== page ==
7 Tips for Selecting a CMO


According to the recent Contract Pharma Outsourcing Survey, 37% of respondents at virtual pharma companies expect to increase their outsourcing spending over the next year. Not surprisingly, but significantly, 75% of virtual pharma companies report that they outsource clinical manufacturing to CMOs while 88% reported outsourcing their API manufacturing to CMOs.

With virtual pharma companies relying on CMOs with mission critical work, the job of selecting a CMO is vital. Yet one of the challenges virtual pharmas face is that they need kilogram quantities made for toxicological studies — while their investors may be holding back funding until certain successful milestones are achieved.

Here are seven important criteria to help virtual pharmas as they select the best possible CMO partner:

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  1. Protect your intellectual property. Sometimes, IP is the only true asset a virtual pharma has. If that’s the case, seek out CMOs with strong reputations regarding IP integrity. If you are considering CMOs outside the U.S., make sure to understand that country’s approach to protecting IP assets, because some countries offer no protection and corporate fraud is rampant. Some countries do offer civil litigation, but that can be expensive, time-consuming and trials may be biased against foreign companies.
  2. Prioritize the variables in an outsourcing relationship that are most important to you. Technical expertise is always critical, but other key variables are tight timelines, efficiency and related organizational expertise. The CMO must have a thorough appreciation for the entire scope of what is going on with this entire project and not just the material it is producing. For some projects, there may be only a few CMOs in the world that can offer a particular technology.
  3. Understand possible barriers to success. Language and time zones can make outsourcing to a CMO in another country more difficult but they can be overcome if needed. However, the most significant project delays are usually caused by errors in communication. No matter how much you may like a particular firm, be sure that they have the background and experience to do what you need.
  4. Ask direct questions on how the company operates.Prospective CMOs should have reliable and professional project management capabilities, with individuals who are empowered to make decisions. CMOs with an “order-taker” perspective get the job done but will not show any initiative, such as offering suggestions for improving processes. Also ask how the prospective CMO views itself within the overall supply chain. Proximity can be a huge advantage if you need to visit the site frequently or if the complexities in the technology require other members of your firm to do so.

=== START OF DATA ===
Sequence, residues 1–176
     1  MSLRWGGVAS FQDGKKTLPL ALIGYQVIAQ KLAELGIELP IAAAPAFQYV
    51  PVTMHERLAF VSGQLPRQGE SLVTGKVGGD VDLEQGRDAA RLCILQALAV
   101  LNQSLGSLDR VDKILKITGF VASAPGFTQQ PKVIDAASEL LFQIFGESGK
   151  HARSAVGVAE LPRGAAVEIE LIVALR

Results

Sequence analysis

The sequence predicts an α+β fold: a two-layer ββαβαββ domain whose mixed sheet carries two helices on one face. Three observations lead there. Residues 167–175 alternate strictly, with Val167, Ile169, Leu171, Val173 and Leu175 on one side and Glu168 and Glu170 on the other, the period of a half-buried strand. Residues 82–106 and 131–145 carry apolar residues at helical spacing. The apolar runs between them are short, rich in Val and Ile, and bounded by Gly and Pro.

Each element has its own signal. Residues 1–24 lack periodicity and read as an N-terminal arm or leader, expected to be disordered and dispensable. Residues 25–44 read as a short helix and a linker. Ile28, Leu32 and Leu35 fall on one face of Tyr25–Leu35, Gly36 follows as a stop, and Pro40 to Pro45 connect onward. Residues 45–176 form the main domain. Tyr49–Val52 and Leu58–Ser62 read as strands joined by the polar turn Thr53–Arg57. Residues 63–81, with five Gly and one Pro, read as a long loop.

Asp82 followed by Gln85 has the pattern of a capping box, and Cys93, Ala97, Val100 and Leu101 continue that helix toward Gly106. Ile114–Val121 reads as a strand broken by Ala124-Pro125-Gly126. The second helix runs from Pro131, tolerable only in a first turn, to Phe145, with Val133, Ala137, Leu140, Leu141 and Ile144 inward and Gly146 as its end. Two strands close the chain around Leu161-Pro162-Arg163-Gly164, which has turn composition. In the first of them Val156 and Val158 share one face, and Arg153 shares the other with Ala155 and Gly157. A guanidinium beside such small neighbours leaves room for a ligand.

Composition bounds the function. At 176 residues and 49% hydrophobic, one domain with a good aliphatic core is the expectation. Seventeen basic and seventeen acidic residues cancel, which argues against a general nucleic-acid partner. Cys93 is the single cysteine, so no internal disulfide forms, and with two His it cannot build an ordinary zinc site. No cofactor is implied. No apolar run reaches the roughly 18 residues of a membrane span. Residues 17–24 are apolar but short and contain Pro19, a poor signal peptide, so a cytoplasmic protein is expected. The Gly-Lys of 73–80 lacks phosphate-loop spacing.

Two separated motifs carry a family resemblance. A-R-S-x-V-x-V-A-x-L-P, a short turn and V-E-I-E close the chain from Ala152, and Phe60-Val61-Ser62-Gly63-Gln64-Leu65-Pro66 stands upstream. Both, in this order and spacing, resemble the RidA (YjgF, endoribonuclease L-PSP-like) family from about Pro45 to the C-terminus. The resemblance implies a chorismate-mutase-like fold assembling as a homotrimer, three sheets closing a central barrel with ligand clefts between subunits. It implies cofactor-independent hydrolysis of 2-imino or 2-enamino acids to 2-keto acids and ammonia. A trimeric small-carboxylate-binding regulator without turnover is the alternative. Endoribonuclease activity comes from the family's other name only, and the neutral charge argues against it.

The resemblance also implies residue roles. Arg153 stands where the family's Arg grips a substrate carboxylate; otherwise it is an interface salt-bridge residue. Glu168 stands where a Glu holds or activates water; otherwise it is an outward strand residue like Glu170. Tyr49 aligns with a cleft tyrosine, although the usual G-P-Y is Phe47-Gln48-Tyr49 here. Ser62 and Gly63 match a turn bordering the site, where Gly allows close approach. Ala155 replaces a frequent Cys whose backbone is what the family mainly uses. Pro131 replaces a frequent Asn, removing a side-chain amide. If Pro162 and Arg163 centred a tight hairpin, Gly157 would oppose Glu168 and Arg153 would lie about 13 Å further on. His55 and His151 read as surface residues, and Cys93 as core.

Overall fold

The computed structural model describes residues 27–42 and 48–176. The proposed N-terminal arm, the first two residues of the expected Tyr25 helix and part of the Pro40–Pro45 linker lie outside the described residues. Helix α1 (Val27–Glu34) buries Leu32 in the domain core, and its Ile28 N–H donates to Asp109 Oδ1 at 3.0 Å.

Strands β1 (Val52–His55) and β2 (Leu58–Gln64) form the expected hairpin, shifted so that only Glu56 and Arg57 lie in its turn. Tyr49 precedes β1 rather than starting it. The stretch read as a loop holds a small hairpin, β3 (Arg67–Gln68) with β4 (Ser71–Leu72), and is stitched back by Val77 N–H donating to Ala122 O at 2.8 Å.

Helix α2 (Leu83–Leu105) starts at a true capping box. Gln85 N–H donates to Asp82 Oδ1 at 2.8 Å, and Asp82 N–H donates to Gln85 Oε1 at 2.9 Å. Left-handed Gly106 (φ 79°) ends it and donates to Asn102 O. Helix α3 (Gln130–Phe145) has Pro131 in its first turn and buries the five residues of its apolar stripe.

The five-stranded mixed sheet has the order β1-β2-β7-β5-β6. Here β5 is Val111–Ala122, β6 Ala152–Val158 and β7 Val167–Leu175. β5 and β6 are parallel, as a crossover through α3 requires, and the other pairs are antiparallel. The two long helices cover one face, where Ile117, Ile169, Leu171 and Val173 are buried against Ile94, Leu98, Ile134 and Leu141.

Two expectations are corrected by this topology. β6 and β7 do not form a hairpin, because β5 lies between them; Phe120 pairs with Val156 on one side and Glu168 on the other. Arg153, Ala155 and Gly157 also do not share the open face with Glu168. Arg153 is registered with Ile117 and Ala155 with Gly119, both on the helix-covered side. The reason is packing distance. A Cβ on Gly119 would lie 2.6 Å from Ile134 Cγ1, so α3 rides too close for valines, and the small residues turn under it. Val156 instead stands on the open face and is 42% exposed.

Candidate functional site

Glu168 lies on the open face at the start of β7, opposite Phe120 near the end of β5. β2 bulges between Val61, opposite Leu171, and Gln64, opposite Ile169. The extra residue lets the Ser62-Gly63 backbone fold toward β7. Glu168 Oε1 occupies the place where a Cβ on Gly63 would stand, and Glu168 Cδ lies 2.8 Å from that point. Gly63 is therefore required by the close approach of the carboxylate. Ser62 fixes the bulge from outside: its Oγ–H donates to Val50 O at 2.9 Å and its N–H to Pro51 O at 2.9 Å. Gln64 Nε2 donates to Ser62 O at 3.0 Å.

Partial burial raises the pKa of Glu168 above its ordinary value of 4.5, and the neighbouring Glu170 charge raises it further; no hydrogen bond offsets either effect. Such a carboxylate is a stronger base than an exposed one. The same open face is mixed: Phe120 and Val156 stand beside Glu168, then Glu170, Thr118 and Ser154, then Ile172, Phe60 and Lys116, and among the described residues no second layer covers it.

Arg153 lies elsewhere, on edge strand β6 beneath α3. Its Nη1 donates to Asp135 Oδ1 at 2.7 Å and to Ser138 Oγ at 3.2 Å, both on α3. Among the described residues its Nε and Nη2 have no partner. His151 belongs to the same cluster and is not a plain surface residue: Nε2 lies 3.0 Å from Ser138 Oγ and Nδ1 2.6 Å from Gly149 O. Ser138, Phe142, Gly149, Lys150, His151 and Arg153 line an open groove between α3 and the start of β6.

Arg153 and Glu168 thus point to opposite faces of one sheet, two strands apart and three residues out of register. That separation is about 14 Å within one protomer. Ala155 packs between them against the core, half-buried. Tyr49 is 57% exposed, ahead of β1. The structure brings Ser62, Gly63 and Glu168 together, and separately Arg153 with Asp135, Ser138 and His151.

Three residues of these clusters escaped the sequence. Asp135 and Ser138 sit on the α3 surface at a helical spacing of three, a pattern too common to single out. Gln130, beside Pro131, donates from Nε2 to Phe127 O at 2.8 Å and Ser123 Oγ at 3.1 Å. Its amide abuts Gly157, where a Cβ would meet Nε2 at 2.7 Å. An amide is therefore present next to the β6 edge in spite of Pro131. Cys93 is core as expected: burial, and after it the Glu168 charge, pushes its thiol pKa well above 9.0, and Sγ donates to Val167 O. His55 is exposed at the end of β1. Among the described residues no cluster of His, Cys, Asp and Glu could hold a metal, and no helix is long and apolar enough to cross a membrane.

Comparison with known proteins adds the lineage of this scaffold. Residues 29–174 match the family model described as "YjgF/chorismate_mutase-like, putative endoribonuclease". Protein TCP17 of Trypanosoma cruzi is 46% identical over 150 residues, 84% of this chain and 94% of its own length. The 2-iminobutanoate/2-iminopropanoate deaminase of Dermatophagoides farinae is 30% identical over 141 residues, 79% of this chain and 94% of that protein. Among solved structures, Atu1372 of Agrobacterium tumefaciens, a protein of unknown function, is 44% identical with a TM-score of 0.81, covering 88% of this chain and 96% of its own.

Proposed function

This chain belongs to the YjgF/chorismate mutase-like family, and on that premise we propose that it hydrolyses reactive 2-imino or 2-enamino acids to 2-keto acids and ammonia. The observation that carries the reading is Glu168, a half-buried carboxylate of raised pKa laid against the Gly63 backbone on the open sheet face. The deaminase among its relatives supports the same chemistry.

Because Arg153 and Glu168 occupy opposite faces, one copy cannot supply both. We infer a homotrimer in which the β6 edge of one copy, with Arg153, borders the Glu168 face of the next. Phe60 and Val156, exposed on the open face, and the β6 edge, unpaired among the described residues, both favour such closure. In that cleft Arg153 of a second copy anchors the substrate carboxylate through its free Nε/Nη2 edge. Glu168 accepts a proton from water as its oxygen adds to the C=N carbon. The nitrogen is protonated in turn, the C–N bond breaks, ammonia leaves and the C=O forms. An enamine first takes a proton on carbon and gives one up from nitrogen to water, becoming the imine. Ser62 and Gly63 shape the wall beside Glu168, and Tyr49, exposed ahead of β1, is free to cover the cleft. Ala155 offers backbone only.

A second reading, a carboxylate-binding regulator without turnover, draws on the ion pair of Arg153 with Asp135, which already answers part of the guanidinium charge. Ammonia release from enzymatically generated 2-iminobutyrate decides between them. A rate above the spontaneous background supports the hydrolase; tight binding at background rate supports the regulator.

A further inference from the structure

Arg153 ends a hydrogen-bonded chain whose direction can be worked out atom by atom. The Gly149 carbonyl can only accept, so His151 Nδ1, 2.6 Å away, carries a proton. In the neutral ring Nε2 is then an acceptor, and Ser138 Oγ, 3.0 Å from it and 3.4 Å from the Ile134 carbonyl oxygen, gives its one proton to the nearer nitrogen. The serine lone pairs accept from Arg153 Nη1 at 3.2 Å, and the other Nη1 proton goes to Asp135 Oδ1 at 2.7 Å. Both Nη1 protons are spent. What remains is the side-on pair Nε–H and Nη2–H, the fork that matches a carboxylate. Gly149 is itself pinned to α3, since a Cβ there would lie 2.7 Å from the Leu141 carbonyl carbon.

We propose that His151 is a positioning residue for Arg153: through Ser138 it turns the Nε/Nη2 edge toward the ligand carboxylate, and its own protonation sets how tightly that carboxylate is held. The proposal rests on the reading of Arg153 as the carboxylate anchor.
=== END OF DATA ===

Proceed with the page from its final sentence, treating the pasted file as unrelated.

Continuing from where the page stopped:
5. Engage QA functions before handing off the project. Virtual pharmas should consider retaining the services of a reliable QA consultant to plan and oversee the QA function before the project begins. The consultant can help determine how robust the prospective CMO’s quality systems really are, can find out if the site has been FDA inspected, and if the firm produces any commercial materials for any FDA-approved products. Also, find out how many audits its QA group has in an average quarter. Working with a good QA consultant can prevent significant problems down the road.
  6. Develop a technology transfer package. First, compile all the information you have in a clear concise manner for your potential CMOs to evaluate. Always include (if possible) any information on ideas or methods that have been tried but did not work. Giving prospective CMOs a consistent transfer package means they will each address consistent needs, allowing you to evaluate on an apples-to-apples basis. Also, it’s important to be honest with CMOs as to where the gaps are and what you think is needed to be successful. Depending on where those gaps are, this process can help you decide on which CMO to use.
  7. Consider the CMO’s reputation and reliability. Beyond IP protection, find out the CMO’s track record with projects similar to yours, when working with companies of your size and with similar chemistries. You can and should ask for references.

Of course, nothing can substitute for visiting and touring the facility you are considering for selection. You should meet the heads of any technical or functional group you may interact with during the course of your project. If suddenly people are not available or seem to be “hidden’” by the business development mangers, take this as a bad sign.

No two CMOs are the same — they all have different strengths and weaknesses. Typically, strong manufacturing companies are weaker in development and vice-versa. If the gap is in the analytical area, consider using a CRO to do all the analytical development to transfer to a CMO that fits your other criteria.

Keep in mind: every CMO has had projects that were not successful for one reason or another. Ultimately, the most important question is: Is this an organization that I can trust to be open, honest and up-front when things go wrong? Does it have a system in place to solve and address issues encountered when a project is over? Does it implement changes as needed to avoid repeating the same problems over and over?

At the end of the evaluation process, you want to select a CMO you feel comfortable with — not only one that can handle the work, but one that sees you as a partner.